We always have a pair of dice on the dining room table. If we are in a hurry we might just each take a turn rolling the dice, multiplying the two and cheering the one with the highest number.
Sometimes we will add the two dice, subtract the higher from the lower number, or see if we can roll doubles.
When we have more time, we like to play Yahtzee. Yahtzee involves addition, subtraction and multiplication.
Once the kids were getting proficient we started playing 24 Game. We first learned the game as a board game but one day we decided to try playing it with just 4 dice. Of course, sometimes you can't get to 24 but that just makes the game more fun.
Add, Subtract, Multiply and Divide with the 24 Game
Use the four numbers around the card to add, subtract, multiply and divide to get to 24. The first one to get to 24 wins that card.
Playing this game is not only fun, but helps your children master the four operations of addition, subtraction, multiplication and division. It is a game that can be played by children and adults. You might be surprised at how much fun it is playing games like 24 and not even realize that you are preparing to learn Algebra.
Fraction Balance Scale
Practice adding and subtracting fractions in a fun, hands-on way that will help children truly understand what all those numbers actually mean.
Hands-on Fraction Activities
- Fractions for Hands-on Learners
Hands-on activities for understanding fractions | See more about fractions, equivalent fractions and pattern blocks.
What's My Rule?
What's My Rule? - Using Problem Soving Strategies (Grades 6-12)
If one number goes into the tiger's head and another number comes out, what did the tiger have to do to the first number to get the second number.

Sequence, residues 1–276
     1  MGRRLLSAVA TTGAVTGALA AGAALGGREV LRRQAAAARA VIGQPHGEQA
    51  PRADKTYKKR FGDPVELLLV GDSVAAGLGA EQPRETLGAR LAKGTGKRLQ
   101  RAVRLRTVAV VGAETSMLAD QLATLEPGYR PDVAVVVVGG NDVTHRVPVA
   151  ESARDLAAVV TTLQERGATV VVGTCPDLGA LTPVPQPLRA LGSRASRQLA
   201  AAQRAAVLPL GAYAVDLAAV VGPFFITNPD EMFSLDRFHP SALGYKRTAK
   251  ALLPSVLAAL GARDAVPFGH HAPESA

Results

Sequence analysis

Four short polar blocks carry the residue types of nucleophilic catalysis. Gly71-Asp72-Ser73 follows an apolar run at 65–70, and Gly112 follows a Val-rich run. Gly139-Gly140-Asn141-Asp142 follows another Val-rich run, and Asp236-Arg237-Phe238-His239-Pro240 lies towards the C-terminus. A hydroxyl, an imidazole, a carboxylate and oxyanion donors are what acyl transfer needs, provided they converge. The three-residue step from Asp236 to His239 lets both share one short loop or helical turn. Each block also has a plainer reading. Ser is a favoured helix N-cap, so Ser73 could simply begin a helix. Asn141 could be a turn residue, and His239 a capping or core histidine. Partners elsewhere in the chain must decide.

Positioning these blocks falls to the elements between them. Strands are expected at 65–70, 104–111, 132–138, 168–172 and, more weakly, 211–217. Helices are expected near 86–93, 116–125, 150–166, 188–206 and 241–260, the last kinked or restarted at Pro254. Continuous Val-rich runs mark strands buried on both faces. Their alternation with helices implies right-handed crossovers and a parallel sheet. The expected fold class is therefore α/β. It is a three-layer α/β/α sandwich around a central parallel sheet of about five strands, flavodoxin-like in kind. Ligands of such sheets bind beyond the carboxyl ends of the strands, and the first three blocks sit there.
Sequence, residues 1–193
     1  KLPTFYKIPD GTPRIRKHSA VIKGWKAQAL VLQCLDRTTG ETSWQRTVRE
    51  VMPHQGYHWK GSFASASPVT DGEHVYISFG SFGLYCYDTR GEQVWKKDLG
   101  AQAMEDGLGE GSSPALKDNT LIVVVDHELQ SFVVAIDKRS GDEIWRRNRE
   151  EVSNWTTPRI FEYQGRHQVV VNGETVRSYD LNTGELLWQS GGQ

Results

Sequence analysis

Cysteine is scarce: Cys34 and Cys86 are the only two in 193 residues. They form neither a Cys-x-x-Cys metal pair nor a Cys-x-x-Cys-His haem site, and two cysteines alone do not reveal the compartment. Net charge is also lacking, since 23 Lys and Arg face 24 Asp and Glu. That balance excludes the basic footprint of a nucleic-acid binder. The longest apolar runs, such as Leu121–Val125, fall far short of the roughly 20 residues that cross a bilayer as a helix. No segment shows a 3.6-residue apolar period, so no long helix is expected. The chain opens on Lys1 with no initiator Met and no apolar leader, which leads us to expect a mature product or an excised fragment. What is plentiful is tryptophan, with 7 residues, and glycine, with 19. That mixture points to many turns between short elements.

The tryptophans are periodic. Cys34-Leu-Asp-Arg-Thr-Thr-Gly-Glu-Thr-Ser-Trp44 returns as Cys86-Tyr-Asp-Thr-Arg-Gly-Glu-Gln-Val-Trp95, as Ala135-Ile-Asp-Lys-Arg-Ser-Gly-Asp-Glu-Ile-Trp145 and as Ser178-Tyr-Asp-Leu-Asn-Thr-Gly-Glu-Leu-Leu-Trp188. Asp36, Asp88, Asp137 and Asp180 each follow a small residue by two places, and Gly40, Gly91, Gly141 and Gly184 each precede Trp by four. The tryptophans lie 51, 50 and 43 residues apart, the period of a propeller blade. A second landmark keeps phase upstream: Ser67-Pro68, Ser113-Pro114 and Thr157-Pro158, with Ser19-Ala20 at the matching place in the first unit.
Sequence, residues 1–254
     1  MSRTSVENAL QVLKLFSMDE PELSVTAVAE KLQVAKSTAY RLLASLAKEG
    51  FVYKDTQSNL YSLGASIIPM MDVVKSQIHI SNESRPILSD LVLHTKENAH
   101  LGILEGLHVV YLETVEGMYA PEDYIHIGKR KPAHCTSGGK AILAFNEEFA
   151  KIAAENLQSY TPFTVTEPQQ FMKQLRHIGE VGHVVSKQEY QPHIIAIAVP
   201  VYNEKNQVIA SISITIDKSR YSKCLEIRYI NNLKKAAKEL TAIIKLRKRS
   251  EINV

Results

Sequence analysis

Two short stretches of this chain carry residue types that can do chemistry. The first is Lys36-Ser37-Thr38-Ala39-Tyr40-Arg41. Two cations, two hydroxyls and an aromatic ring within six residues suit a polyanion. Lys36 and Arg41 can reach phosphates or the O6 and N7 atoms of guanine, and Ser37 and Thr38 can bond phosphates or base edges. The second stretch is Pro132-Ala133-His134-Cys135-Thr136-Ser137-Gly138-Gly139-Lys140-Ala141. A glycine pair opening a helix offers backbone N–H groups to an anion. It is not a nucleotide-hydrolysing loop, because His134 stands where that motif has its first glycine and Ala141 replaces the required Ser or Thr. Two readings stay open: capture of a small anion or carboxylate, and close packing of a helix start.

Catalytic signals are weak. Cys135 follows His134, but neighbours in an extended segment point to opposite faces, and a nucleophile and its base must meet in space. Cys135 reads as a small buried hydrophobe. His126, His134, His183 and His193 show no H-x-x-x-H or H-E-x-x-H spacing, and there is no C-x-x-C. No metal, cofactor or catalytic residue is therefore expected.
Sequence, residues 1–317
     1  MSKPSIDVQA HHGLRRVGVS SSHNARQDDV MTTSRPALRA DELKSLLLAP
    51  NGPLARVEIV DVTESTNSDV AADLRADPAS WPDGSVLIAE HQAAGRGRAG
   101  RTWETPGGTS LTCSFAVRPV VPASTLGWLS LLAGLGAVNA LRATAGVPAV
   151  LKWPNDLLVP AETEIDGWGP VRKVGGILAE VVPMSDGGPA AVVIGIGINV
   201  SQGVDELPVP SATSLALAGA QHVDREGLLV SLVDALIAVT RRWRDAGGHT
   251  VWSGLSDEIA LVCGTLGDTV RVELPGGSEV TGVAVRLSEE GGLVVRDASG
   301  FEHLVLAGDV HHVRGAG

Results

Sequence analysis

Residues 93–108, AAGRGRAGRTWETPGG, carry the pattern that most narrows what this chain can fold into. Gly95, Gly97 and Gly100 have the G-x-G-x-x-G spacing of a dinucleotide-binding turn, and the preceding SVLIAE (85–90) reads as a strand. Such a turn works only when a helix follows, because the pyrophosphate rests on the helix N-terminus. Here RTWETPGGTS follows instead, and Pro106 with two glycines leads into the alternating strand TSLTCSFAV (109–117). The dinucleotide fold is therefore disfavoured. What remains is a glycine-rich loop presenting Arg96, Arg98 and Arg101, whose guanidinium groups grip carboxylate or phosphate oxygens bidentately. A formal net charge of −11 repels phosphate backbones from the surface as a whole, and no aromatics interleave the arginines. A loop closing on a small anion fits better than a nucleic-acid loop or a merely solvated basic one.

The problems in this book get progressively harder. I have never found a child that didn't enjoy the challenge of trying to figure out this tiger's mind.
The Game of Sprouts
- Sprouts Game
Sprouts is a pencil-and-paper game with interesting mathematical properties. It was invented by mathematicians John Horton Conway and Michael S. Paterson at Cambridge University in 1967. A 2-spot game of Sprouts The game is played by two players, s
Algebra in the Concrete
Mary Laycock found a way to show algebra in a fun and exciting, hands-on way that excites kids to play with first year algebra. My 10 year old homeschooler loved using the Cuisenaire Rods to work out the problems while discovering the relationships between the different parts of equations. She quickly learned to make up her own problems. I wish I knew of a good sequel.
This book was enacted by a group of upper elementary school children as they built the sequences, algebraic expressions, rectangular arrays, and equations of elementary algebra.
Pictures of their work are included so you and your students can see how many different types of manipulatives can be used in constructing some of the fundamental concepts of algebra. Added activities include factoring trinomials to solving quadratics.
- Cuisenaire Rods
Activities and centers using Cuisenaire Rods to help children learn mathematical concepts.
The Mathematics of the Spirograph - Symmetry
- The Mathematics of the Spirograph (Any Excuse to Play)
Symmetry Each Spirograph pattern displays two kinds of symmetry: - Rotation - Mirror (Reflection)
- Spirograph Math